Joseph Strickland, the highly controversial bishop of Tyler, Texas, announced Friday evening on Twitter, “I believe Pope Francis is the Pope but it is time for me to say that I reject his program of undermining the Deposit of Faith. Follow Jesus.”

With this tweet, Bishop Strickland appears to have finally crossed the line into direct and explicit opposition to Pope Francis and his teaching authority. In the past, Strickland has hinted that he holds such opinions about the pope, but typically stopped short of stating them explicitly. For example, in July of last year he shared and expressed agreement with a video in which Pope Francis is described as a “diabolically disordered clown,” but avoided using such language himself. He also signed an open letter last year accusing Pope Francis of teaching heresy in the apostolic letter Desiderio Desideravi.

The Catechism of the Catholic Church defines schism as “the refusal of submission to the Roman Pontiff or of communion with the members of the Church subject to him.” In the past, Bishop Strickland has used his Twitter account to suggest that several of his brother bishops, including Cardinals Arthur Roche and Reinhard Marx have left the Catholic faith, despite a lack of official or corroborating statements from the Holy See.

Strickland has a long history of associating with reactionaries and extremists in the Church and promoting pseudoscientific theories about the Covid pandemic and vaccine. He has also appeared as a featured speaker at events alongside conspiracy theorists and radical traditionalists, including a ‘Stop the Steal’ event following the 2020 US presidential election.

Immediately prior to his Tweet rejecting Pope Francis’s authority and accusing him of undermining the faith, Strickland tweeted, “In these troubled times with so many conflicting voices let us pray and always turn to Jesus. Let us remember we are fighting the powers and principalities of satan, not just human corruption.”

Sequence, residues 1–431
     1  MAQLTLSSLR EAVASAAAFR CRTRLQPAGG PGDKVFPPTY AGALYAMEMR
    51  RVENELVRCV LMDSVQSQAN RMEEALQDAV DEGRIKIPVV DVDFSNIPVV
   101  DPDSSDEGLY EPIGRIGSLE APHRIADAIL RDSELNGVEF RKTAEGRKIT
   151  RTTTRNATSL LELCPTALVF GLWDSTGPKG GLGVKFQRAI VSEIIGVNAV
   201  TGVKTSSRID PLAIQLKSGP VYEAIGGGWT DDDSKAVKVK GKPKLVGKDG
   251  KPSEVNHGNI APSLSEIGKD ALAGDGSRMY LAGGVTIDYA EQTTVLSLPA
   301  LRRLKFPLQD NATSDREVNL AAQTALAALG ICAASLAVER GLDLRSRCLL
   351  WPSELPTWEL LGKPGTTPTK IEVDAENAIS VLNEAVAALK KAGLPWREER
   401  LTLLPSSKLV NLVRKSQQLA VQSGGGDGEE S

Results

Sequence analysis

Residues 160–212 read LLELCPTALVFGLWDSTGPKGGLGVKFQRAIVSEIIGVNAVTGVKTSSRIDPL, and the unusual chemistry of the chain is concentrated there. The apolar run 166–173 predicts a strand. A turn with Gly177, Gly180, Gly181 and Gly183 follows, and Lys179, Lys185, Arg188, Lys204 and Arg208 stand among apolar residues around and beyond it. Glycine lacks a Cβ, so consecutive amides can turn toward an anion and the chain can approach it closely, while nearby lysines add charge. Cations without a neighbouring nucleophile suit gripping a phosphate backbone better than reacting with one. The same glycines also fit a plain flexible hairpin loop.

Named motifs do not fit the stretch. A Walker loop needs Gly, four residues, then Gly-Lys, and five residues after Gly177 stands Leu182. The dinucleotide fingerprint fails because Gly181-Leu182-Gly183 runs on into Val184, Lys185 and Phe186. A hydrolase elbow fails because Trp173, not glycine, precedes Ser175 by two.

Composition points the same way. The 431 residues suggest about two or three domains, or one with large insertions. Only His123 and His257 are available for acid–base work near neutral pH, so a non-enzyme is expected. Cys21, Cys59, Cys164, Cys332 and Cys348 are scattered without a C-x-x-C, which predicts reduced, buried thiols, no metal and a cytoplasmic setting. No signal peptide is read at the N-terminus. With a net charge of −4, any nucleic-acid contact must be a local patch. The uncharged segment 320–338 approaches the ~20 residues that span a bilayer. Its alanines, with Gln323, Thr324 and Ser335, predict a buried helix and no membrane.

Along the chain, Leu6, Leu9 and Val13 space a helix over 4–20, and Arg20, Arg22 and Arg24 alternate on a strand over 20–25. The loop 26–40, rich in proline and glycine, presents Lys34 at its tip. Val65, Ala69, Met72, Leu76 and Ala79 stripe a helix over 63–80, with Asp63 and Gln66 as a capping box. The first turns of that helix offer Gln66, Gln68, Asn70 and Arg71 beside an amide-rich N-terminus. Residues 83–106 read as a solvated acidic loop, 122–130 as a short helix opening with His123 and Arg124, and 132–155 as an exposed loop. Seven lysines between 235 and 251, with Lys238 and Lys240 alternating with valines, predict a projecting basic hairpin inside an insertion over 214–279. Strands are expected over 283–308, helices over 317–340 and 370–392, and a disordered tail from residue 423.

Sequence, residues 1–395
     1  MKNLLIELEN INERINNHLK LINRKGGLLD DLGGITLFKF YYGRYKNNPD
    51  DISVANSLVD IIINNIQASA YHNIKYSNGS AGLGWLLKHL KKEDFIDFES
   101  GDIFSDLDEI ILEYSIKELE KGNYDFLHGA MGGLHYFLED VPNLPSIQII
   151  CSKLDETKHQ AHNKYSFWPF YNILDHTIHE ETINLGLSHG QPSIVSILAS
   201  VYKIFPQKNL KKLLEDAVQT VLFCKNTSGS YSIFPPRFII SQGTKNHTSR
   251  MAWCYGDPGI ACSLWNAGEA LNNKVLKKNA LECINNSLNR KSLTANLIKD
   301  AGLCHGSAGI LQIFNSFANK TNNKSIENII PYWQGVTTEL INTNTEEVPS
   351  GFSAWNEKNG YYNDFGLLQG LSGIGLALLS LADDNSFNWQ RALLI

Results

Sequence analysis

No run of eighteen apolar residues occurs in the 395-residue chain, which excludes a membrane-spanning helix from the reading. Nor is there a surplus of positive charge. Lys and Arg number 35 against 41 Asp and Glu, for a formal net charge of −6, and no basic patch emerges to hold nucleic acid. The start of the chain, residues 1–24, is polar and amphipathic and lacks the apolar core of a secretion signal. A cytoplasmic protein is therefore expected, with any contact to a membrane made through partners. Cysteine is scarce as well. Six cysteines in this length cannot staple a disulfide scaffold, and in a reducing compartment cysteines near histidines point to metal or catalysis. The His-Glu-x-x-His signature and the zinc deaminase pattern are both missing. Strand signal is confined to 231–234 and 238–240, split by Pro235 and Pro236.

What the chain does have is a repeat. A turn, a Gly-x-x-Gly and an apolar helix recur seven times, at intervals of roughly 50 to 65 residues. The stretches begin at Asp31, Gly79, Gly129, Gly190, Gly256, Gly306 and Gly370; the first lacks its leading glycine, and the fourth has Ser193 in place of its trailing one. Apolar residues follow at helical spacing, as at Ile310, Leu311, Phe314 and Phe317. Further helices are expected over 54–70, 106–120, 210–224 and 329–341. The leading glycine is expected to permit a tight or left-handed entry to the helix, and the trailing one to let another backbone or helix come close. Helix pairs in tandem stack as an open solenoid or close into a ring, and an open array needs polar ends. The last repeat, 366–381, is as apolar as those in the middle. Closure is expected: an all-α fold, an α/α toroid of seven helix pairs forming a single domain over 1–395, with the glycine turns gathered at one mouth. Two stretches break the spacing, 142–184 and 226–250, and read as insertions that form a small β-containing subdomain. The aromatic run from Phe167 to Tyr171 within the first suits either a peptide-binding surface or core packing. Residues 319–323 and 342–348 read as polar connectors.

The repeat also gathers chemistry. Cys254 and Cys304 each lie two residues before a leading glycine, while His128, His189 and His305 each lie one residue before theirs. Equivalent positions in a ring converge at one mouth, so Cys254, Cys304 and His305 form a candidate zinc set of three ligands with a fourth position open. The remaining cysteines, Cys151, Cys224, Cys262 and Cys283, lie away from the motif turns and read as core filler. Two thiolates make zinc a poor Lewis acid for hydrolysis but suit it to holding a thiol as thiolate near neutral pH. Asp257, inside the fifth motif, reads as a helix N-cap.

Sources have confirmed that they have relayed this information to the Papal Nuncio to the United States, Archbishop Christophe Pierre, but an immediate response is unlikely, considering the late hour.

This morning, Strickland posted another tweet featuring a picture of the Altar of the Chair in St. Peter’s basilica in Rome, writing, “In these troubling times with so much confusion even from Rome it is critical to remain IN THE CHURCH. Schismatic movements like SSPX or Sedevacantists however well-intended are an injury to the body of Christ. We must fight for total unity, not just aspects of Catholicism.”

It is unclear how, following his rejection of the “program” of Pope Francis, Bishop Strickland intends to “fight for total unity.” After all, the Catechism of the Catholics Church says that the pope “is the perpetual and visible source and foundation of the unity both of the bishops and of the whole company of the faithful” (CCC 882). Bishop Strickland seems to no longer grant his assent to this teaching. In the following sentence, the Catechism goes on to say, “For the Roman Pontiff, by reason of his office as Vicar of Christ, and as pastor of the entire Church has full, supreme, and universal power over the whole Church, a power which he can always exercise unhindered.”

The SSPX, or Society of St. Pius X, is a traditionalist organization founded by the French Archbishop Marcel Lefebvre in the 1970s due to disagreement with the teachings and liturgical reforms of the Second Vatican Council. Lefebvre was excommunicated in 1988 for illicitly ordaining four bishops without papal approval. The group is unapproved by the Church and their priests and bishops do not have legitimate ministries in the Church.

Sedevacantists believe that Pope Francis is a heretic and an antipope and that there is no legitimate pope in the Church today.

In the meantime, pray for the repentance and conversion of Bishop Strickland, and keep all the Catholics of East Texas in your prayers.

[Updated May 13, 2023, 10 p.m. EDT]

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Mike Lewis is the founding managing editor of Where Peter Is. He and Jeannie Gaffigan co-host Field Hospital, a U.S. Catholic podcast.

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